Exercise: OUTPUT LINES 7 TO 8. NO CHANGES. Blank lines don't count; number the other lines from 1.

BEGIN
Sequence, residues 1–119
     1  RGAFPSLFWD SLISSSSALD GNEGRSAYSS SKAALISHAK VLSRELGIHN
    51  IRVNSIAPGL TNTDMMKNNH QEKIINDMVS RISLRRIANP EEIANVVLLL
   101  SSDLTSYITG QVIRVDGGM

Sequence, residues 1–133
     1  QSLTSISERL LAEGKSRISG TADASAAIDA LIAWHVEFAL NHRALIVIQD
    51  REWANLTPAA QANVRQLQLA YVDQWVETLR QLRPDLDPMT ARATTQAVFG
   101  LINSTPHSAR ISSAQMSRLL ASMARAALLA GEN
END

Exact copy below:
    51  REWANLTPAA QANVRQLQLA YVDQWVETLR QLRPDLDPMT ARATTQAVFG
   101  LINSTPHSAR ISSAQMSRLL ASMARAALLA GEN